Beloved brother and sister reader, join me in a soul-searching examination of conscience, turning from sinful rebellion against God, turning toward the loving embrace of our Heavenly Father in obedient submission. Let us prepare our hearts for the indwelling presence of our thrice Holy God, observing the call of St. Peter in 1 Peter 1:13-16.
(Editor's note: Leianne Spontaneo is a lay associate of Priests for Life.)
Scott Klusendorf is the author of The Case for Life: Equipping Christians to Engage the Culture (Crossway Books, March, 2009).
No matter what age, no matter what condition, are they human and should they be allowed to live?
The author states on page 164 that Mother Teresa liked to help people; Hitler liked to kill them. When people are told not to judge, what if we don't? Over 50 million babies have been killed and the killing continues. Honestly, how could we be asked, "Who are you to judge?"
Klusendorf indicates (page 36) that as early as 1868, Dr. Horatio Storer, the head of the American Medical Association's Committee on Criminal Abortion, along with co-author Franklin F. Heard, confidently stated, "Physicians have now arrived at the unanimous opinion that the foetus in utero is alive from the very moment of conception . . . The willful killings of a human being at any stage of its existence is murder."
Klusendorf contradicts himself quite a few times. For example, on page 55, he states that he sees no moral requirement for using life support to "delay the decomposing process." He indicates that after all, the person is "already dead." However, on page 57 he writes that there are comprehensive doctrines about ultimate reality that can't be proven empirically or argued rationally. He writes that people must accept them on faith. The author asks, "What do you mean by faith?" He states that most often he hears that faith means believing something in spite of the evidence, what you fall back on when the facts are against you. Klusendorf writes that in 1 Cor 15, St. Paul makes it clear that Christ's bodily resurrection was not an isolated event but a foretaste of what Christians everywhere can expect when the imperfect is made perfect. On page 113, he states that Christ's followers didn't fabricate stories of His death and resurrection — they recorded them. Think of this the next time a person is in a coma. Do you have faith?
Church-going adults and youths must be taught courage, Klusendorf indicates on pages 210-211. He writes about Summer White, a 15 year-old who wrote a paper for a class. It was no ordinary paper. She defended her pro-life views by arguing that embryonic stem cell research (ESCR) unjustly takes the life of a defenseless human being. She was the only one in her class to take that position. She defended her case two ways. First, she argued that the embryos in question were human beings and should not be killed to benefit other people. Second, she argued that we don't have to kill embryonic human beings to find cures for disease. Adult stem cell research, which does not require killing the donor, is already treating human illness and there is nothing controversial about it. The teacher sent the paper back with no credit. What was Summer's crime? She claimed to be right and backed up her case. We need more Christian people trained within our local churches. If pastors don't equip their Christians, they'll remain tongue-tied when they need to speak up.
The 800th anniversary of the conversion of St. Clare of Assisi is being celebrated with a "Clarian Year." Pope Benedict XVI sent a letter marking the occasion to Bishop Domenico Sorrentino of Assisi — Nocera Umbra — Gualdo Tadino. The letter, dated April 1, Palm Sunday, follows:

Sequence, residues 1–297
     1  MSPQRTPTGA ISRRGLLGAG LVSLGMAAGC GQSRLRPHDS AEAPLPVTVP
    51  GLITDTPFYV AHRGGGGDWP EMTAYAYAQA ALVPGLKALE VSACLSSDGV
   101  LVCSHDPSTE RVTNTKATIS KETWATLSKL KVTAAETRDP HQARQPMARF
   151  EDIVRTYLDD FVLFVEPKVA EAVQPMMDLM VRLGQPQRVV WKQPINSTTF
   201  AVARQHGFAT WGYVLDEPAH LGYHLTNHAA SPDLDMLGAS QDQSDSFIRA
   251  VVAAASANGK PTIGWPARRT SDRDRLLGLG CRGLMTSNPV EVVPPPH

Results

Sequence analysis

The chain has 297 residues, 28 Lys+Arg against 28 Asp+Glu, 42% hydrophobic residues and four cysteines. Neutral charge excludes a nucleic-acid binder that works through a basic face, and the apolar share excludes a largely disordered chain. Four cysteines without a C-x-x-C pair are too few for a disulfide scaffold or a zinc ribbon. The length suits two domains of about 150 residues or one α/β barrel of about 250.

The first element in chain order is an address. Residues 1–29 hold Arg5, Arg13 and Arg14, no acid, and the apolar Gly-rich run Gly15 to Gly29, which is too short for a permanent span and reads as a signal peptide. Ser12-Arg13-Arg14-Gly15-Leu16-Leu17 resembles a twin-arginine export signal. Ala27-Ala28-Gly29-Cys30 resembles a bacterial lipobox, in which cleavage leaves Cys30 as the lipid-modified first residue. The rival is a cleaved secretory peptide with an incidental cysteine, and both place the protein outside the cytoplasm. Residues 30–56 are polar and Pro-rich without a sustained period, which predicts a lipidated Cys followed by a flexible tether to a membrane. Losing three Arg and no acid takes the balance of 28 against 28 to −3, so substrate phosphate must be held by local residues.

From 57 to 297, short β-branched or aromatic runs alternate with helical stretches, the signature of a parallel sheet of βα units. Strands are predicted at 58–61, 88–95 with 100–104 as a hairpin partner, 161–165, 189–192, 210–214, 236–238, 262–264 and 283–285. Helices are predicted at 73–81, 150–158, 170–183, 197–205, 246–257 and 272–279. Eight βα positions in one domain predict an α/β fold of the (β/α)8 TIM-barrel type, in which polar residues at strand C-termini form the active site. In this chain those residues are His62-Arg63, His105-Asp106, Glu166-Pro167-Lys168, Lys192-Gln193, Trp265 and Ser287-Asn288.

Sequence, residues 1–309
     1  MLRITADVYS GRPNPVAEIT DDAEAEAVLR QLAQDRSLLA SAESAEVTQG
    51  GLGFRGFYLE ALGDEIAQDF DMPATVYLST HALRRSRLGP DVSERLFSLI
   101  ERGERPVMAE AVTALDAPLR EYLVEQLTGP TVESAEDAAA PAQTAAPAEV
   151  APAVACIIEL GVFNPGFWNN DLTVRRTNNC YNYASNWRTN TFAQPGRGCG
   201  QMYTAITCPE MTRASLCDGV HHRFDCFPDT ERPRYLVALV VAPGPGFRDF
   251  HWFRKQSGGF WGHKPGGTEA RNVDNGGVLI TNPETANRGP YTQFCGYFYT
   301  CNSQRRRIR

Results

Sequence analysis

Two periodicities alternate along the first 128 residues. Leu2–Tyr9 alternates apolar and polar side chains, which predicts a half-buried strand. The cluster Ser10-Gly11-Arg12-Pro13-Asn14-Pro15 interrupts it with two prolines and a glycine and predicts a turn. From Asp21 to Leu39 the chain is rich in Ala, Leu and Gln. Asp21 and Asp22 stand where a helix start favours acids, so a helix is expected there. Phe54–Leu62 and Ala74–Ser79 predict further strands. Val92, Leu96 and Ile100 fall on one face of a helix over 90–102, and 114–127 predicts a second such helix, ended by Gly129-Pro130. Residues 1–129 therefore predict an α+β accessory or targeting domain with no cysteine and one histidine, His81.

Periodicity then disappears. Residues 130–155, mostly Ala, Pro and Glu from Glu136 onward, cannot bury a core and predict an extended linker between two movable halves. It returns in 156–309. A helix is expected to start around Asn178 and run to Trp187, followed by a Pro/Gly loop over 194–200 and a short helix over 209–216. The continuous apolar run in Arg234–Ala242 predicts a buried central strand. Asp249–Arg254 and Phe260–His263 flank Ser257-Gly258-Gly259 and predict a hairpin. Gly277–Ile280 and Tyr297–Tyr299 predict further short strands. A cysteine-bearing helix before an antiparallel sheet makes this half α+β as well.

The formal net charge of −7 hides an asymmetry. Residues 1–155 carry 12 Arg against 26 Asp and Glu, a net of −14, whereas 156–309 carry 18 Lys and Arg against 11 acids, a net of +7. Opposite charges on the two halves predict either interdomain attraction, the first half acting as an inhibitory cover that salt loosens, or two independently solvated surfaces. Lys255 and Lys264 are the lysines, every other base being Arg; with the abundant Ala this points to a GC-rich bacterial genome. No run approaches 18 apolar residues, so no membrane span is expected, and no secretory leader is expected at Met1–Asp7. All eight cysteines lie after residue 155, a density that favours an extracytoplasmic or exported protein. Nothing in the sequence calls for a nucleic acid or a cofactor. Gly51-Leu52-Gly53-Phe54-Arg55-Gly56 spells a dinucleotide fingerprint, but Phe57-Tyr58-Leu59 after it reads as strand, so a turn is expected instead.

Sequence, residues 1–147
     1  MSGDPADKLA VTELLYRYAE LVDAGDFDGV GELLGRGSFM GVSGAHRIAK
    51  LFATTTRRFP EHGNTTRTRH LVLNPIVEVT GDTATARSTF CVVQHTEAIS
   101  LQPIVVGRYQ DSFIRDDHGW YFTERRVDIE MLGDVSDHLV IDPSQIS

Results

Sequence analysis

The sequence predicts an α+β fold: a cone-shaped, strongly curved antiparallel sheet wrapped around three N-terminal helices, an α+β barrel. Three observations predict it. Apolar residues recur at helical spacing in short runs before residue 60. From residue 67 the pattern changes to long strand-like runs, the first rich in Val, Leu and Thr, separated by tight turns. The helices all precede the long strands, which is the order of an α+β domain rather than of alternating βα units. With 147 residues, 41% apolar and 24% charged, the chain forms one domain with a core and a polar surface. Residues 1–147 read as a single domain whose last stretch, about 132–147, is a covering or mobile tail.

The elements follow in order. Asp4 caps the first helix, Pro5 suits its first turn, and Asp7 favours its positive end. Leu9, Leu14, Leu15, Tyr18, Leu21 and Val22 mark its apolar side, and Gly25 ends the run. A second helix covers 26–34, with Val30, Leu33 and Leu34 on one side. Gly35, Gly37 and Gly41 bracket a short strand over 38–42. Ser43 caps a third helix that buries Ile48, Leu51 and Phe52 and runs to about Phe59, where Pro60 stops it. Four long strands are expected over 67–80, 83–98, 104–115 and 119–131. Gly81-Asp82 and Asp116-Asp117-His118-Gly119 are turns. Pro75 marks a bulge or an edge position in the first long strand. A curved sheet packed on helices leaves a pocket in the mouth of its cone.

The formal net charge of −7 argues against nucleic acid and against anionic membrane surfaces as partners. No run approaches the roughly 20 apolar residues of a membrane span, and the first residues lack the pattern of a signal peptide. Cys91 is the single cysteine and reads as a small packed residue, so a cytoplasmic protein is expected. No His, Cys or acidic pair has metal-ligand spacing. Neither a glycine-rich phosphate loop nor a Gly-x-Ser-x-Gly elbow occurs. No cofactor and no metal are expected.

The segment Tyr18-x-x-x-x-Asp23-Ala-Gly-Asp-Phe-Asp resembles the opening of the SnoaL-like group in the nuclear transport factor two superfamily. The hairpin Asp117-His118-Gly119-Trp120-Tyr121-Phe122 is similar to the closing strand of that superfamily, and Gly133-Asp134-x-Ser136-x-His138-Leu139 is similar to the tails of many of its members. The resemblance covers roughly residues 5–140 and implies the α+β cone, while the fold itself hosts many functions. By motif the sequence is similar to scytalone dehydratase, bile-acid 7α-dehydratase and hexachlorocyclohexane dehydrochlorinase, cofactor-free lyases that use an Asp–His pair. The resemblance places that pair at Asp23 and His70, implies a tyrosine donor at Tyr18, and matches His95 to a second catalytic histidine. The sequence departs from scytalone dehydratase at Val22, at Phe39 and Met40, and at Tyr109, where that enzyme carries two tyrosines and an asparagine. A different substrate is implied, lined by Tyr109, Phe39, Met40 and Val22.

"I learned with joy that in this diocese as well as among Franciscans and Poor Clares across the world, St. Clare is being commemorated with a 'Clarian Year' on the occasion of the eighth centenary of her 'conversion' and consecration. This event, which can be dated between 1211 and 1212, completed 'in the feminine,' so to speak, the grace that the Assisi community had attained a few years earlier with the conversion of the son of Pietro di Bernardone. And, just as it had happened for Francis, Clare's decision also contained the hidden shoot of a new community, the Order of Poor Clares, which, having grown into a sturdy tree, in the cloister's fertile silence continues to scatter the good seed of the Gospel and to serve the cause of God's Kingdom.
"This joyful occasion compels me to return to Assisi in spirit, to reflect on the meaning of that event with you, Venerable Brother, with the community entrusted to your care and, likewise, with the sons of St. Francis and the daughters of St. Clare. Indeed, the event also speaks to our generation and is particularly fascinating to young people . . .
"In her Testament the saint herself speaks of her radical choice of Christ in terms of 'conversion' (cf. FF 2825). I would like to begin with this aspect, in a way taking up the theme of the Discourse I gave on June 17, 2007, on Francis' conversion when I had the joy of visiting this diocese. The story of Clare's conversion revolves around the liturgical Feast of Palm Sunday.
"Indeed her biographer writes: 'The solemn day of the Palms was at hand when the young woman went to the man of God to ask him about her conversion and when and how she should act. Fr. Francis ordered her to go among the crowds on the day of the Feast at the Palm Sunday celebration, dressed elegantly and adorned with jewels. Then, the following evening, to leave the town, to convert the worldly joy into the mourning of Passion Sunday. So it was that when the Sunday came, among the other ladies the young girl radiant with festive light entered the church with them. Here, with fitting foresight, it happened that while the others hurried to receive their palms, Clare, out of shyness, stood motionless; so the bishop came down the steps to her and placed the palm in her hands' (Legenda Sanctae Clarae Virginis, n. 7: FF 3168).